THE CHRISTIAN LIFE IS ABOUT CHARACTER.

Notice that there is no call to change one’s personality in Romans 12. A change in character is what is called for. This is not a change in identity, so that you are no longer authentically you, but a change in character, so that you are a better you. I am, and have always been, a quiet, shy person. The Lord did not ask me to become a naturally outgoing person when He called me to follow Christ.

We want to be careful here not to mix up personality traits with character traits and so miss an opportunity for growth. For example, many people describe themselves as being impatient people, as if impatience were a mark of their personality and something that cannot change. However, anything that is listed as a fruit of the Spirit (see Galatians 5:22,23) is something God can and will help us change. As we sort out which of our “quirks” are personality traits that make us unique, and which are sins that keep us from being like Christ, let us remember that being a Christian is not a call away from authenticity, but a call to character.

THE CHRISTIAN LIFE IS ABOUT OUR MINDS BEING RENEWED (BUT NOT REMOVED) BY THE HOLY SPIRIT.

In Romans 12:9-21, Paul is fleshing out 12:1,2:

1 I appeal to you therefore, brothers and sisters, by the mercies of God, to present your bodies as a living sacrifice, holy and acceptable to God, which is your spiritual worship. 2 Do not be conformed to this world, but be transformed by the renewing of your minds, so that you may discern what is the will of God—what is good and acceptable and perfect. Romans 12:1,2 (NRSV emphasis mine)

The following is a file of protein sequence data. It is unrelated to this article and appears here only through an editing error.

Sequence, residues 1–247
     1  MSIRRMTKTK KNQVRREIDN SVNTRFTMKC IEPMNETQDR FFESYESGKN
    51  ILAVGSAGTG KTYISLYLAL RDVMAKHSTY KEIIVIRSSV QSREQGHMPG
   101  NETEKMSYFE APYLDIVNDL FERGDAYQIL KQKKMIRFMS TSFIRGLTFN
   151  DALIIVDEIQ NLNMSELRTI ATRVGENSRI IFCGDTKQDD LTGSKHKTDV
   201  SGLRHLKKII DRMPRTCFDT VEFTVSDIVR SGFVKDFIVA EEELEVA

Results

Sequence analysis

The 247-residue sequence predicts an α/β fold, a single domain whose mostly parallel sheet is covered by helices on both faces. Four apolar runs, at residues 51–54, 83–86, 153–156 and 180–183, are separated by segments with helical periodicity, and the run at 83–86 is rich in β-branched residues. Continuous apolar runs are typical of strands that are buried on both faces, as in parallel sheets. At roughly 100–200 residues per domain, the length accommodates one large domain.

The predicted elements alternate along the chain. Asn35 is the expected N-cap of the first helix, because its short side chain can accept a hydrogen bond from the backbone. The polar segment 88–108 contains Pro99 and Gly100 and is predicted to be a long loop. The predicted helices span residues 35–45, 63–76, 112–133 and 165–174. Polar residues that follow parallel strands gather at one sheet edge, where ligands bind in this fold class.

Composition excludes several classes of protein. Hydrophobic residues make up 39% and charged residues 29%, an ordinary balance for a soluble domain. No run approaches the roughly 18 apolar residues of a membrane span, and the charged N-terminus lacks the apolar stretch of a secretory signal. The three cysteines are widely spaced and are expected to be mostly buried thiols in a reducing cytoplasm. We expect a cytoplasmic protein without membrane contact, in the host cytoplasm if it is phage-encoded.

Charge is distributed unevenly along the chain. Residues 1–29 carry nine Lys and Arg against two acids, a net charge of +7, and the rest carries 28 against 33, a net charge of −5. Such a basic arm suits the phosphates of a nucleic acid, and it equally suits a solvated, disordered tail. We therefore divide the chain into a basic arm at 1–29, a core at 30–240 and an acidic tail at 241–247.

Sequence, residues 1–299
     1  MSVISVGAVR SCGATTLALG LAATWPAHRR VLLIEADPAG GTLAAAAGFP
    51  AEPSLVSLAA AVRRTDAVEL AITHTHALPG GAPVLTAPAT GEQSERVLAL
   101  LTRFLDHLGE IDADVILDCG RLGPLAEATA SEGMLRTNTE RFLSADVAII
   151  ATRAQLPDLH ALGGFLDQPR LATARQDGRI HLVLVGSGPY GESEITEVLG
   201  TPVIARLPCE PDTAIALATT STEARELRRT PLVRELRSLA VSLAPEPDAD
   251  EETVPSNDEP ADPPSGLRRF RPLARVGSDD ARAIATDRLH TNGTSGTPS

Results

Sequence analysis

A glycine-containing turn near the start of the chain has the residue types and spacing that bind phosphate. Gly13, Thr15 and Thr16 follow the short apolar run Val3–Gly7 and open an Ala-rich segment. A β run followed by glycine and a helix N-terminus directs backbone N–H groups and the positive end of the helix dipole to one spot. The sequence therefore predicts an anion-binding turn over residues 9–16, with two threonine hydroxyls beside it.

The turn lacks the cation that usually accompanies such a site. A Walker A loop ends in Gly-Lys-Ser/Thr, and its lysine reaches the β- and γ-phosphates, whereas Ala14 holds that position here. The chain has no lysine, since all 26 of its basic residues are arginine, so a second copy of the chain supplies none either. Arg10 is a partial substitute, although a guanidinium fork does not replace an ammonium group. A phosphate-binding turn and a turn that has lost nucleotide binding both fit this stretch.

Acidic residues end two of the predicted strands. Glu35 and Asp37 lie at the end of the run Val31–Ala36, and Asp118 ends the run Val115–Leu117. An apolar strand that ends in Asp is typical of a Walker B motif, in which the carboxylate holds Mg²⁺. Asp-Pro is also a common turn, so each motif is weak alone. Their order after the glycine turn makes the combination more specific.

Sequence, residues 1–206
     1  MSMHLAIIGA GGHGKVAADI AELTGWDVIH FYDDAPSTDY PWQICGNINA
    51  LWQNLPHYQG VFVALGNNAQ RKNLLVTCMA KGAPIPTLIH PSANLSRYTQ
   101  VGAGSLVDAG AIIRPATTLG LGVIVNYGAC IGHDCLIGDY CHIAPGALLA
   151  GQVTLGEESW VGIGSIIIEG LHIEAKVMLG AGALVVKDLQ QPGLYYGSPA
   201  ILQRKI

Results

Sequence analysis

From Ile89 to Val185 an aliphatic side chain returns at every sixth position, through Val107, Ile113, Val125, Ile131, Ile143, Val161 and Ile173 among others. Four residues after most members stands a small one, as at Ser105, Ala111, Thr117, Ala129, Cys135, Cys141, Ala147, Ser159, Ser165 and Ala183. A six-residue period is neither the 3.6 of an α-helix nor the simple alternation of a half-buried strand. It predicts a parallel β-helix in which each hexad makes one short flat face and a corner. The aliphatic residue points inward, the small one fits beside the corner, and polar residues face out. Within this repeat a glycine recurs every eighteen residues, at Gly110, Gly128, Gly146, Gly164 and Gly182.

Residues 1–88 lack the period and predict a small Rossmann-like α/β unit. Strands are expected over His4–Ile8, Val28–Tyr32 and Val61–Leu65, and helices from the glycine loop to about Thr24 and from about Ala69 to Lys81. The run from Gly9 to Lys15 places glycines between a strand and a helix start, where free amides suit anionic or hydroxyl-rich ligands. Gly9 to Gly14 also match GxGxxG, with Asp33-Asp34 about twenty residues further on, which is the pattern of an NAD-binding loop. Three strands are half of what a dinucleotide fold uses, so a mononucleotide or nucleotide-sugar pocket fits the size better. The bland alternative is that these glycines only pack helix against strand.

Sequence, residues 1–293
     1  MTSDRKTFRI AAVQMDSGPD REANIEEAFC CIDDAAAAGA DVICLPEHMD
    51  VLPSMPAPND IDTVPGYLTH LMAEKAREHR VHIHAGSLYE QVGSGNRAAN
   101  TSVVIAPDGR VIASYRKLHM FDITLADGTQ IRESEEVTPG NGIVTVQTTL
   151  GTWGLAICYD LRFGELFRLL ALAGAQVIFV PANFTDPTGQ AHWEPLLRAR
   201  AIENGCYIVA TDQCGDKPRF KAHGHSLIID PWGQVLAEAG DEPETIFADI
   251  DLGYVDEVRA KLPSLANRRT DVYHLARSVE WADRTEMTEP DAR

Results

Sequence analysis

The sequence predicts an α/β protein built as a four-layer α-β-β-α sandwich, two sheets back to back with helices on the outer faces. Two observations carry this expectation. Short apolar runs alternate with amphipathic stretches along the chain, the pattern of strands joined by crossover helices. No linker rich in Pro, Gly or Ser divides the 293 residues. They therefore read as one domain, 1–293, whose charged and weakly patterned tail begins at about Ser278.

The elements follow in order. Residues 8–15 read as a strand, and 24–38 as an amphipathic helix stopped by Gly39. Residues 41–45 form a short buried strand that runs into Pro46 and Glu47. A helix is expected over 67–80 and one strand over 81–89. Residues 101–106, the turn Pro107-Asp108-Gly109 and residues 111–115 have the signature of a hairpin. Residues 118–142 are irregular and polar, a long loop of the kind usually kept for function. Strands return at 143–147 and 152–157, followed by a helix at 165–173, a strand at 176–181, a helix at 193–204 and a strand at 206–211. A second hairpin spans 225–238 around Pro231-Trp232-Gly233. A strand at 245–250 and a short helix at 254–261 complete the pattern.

The word behind “renew” has the idea of “making new again”. It is not a complete replacement, but rather a renovation. To renovate a home is a very different thing from demolishing it to build a completely different home. Take, for example, the apostles Peter and Paul. There is nothing to make us suspect that their personalities changed from before they knew Christ to after. We do see them change in very important ways, but they are still very much Peter and Paul. They are still very unique individuals. Discipleship in the Christian life is not like assimilation into the Borg in Star Trek, but rather becoming more like Jesus in our character.

THE CHRISTIAN LIFE IS ABOUT RESPONDING TO THE TEACHING OF JESUS.

Romans 12:9-21 feels familiar. These are things that Jesus taught about, and demonstrated in his own life. It begins with love in verse 9: “Let love be genuine”. It includes non-retaliation, putting into practice turning the other cheek, which Jesus both taught and demonstrated. Someone might point out here that Jesus taught that we should deny ourselves, pick up our crosses and follow. Does that not mean giving up our individuality? In calling us to pick up our cross and follow, Jesus was not calling upon us to give up our identity as being unique in the universe, but to give up a desire to be the centre of the universe. In doing so, you will still be very much you, with all your quirks that make you interesting and unique. But you will be a better you.